Saturday, August 10, 2019

The Beneficiary

My wife's book club read The Beneficiary, by Janny Scott, for their July meeting. This left the book available when I was in between books, so that I read most of it. I found it moderately interesting, but more depressing.

The Beneficiary traces the fortunes of the Montgomery and Scott families, who over about a century made a fair bit of money in railroads, investing, and banking in Pennsylvania, and hung on to a good deal of the money for some years more. The details of their work are not much fleshed out, but one learns a lot about some of their marriages and about their drinking. The marriages were not always happy or enduring, and the drinking had something to do with that.

The author is of a generation that left the Philadelphia Main Line. Her father necessarily takes up a great  deal of the book. He seems to have been a more than competent museum executive, but what a museum executive does, other than scramble for money, one does not learn. One learns a great deal about his drinking, which shortened his life and helped to alienate some of his family. Robert Scott routinely consumed three liters of wine a day, often with cocktails as well. Montaigne in his essay "On Drunkenness" mentions a nobleman who routinely consumed "scarcely less than ten quarts" at a meal, without losing his acuity: but was his acuity mentioned against that of the sober? Robert Scott apparently was not fit for business after lunch many days.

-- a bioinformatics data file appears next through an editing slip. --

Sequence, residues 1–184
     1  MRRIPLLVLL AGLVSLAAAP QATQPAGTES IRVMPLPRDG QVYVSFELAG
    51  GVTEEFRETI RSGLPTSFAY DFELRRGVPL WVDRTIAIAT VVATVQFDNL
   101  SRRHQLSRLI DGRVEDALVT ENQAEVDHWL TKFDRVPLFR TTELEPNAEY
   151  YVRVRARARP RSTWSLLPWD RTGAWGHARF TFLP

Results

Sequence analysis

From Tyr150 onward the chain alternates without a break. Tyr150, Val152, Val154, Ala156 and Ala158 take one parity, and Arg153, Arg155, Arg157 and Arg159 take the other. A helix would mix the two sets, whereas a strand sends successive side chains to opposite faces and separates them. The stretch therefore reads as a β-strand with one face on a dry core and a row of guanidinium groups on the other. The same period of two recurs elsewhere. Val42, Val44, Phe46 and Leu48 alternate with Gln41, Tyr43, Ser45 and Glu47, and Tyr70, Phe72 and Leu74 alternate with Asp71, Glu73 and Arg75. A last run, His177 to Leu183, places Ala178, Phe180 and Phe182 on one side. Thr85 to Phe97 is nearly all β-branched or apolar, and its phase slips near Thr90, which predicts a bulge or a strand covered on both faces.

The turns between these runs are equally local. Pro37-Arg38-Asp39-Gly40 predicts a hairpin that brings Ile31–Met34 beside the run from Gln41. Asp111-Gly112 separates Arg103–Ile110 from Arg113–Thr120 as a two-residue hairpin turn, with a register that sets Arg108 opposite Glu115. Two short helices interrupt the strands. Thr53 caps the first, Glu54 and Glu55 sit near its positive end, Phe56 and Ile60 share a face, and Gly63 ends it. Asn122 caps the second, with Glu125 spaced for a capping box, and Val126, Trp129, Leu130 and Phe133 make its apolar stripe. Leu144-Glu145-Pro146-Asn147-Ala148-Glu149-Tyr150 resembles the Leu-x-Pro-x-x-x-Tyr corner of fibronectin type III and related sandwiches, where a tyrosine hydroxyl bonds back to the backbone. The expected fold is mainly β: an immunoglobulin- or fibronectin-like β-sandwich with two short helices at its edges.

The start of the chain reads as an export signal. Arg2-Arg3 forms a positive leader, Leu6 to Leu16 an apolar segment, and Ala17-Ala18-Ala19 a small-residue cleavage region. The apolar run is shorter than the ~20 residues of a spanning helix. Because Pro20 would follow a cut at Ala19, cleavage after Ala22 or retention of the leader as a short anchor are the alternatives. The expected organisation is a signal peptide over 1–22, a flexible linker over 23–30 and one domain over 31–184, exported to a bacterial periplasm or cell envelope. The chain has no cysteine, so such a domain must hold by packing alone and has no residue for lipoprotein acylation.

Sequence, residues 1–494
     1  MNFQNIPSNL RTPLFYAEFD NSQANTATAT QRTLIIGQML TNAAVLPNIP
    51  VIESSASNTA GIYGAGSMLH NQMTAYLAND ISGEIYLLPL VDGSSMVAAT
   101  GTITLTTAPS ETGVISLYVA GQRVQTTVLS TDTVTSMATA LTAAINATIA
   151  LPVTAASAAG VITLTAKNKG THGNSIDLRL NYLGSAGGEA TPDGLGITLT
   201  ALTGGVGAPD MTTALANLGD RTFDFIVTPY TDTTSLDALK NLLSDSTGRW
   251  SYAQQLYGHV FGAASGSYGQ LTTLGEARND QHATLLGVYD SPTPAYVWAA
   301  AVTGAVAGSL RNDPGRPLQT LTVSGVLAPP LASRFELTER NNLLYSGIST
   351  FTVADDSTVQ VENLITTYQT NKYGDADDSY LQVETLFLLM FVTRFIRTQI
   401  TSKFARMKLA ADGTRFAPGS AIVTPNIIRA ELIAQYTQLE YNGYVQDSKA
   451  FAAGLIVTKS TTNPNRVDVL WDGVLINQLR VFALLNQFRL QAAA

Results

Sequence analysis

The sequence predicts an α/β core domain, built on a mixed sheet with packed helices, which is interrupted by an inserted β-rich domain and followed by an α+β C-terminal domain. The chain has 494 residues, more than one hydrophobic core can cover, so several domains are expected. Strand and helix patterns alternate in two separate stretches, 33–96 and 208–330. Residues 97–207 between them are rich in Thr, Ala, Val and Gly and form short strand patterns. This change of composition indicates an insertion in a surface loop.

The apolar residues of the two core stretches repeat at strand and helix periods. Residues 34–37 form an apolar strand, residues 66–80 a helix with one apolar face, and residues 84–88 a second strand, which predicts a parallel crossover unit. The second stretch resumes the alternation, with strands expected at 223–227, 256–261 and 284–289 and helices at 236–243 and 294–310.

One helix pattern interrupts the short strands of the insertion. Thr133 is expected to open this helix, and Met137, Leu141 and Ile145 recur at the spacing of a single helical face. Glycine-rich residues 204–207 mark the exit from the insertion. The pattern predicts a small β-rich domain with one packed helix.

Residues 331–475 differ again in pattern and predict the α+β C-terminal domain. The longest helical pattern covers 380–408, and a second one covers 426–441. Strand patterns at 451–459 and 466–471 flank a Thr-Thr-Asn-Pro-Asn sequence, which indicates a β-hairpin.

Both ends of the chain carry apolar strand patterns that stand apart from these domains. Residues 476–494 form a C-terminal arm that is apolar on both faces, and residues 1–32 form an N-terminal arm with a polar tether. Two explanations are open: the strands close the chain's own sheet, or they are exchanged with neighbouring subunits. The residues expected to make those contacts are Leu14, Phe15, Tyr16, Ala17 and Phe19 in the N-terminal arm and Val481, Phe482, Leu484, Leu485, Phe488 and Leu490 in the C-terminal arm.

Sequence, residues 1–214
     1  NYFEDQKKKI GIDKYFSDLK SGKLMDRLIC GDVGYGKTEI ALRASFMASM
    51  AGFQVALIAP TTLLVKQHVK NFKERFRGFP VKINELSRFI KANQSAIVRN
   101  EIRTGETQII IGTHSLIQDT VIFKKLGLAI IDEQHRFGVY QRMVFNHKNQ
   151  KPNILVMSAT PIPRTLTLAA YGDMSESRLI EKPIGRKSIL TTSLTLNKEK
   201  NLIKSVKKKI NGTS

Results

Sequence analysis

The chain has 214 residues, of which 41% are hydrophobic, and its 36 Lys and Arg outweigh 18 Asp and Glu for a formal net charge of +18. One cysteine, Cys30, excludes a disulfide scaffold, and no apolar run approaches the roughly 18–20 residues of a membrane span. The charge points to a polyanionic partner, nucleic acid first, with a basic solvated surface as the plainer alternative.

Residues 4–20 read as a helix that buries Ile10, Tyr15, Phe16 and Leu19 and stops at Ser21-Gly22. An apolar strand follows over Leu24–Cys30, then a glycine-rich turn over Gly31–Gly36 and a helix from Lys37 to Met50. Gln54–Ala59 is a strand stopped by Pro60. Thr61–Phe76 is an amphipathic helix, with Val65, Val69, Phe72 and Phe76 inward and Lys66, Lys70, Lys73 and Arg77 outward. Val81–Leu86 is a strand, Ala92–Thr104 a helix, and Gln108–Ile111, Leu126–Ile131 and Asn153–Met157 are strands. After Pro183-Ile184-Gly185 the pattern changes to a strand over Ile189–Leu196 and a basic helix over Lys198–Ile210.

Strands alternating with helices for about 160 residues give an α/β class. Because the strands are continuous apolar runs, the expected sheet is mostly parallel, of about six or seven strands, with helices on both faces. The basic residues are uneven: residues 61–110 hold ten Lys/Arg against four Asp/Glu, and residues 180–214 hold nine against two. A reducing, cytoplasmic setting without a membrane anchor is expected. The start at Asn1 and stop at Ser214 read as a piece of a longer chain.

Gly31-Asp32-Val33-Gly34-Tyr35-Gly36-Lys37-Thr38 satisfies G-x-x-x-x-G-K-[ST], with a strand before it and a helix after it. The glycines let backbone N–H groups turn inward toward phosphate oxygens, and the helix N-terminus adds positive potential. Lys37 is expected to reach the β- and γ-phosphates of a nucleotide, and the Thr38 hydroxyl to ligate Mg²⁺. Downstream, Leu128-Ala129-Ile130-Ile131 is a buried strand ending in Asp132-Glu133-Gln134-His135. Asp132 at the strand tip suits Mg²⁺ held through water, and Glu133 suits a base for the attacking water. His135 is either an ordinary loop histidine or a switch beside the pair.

I ended the book not entirely sure why I should care about the fortunes of the Montgomerys and Scotts, including Robert Scott. That his daughter should is natural. The rest of us need a reason, which I didn't quite find. Yet the book is short enough, and well enough written  that I didn't resent reaching this conclusion.


  1. You are a more generous reader than me. From what I am led to believe about Jean Claude Juncker and his drinking habits, Robert Scott might have been a pick for President of the European Commission, although possibly he didn't consume quite enough each day to qualify - but certainly the no business after lunch element made him suitable

    1. Not much gossip from Brussels, or really anywhere outside our borders, makes into the American consciousness. Yeltsin was probably the last European figure of whose drinking one heard anything here. Anyway, at some point Juncker will cease to the UK's problem, won't he?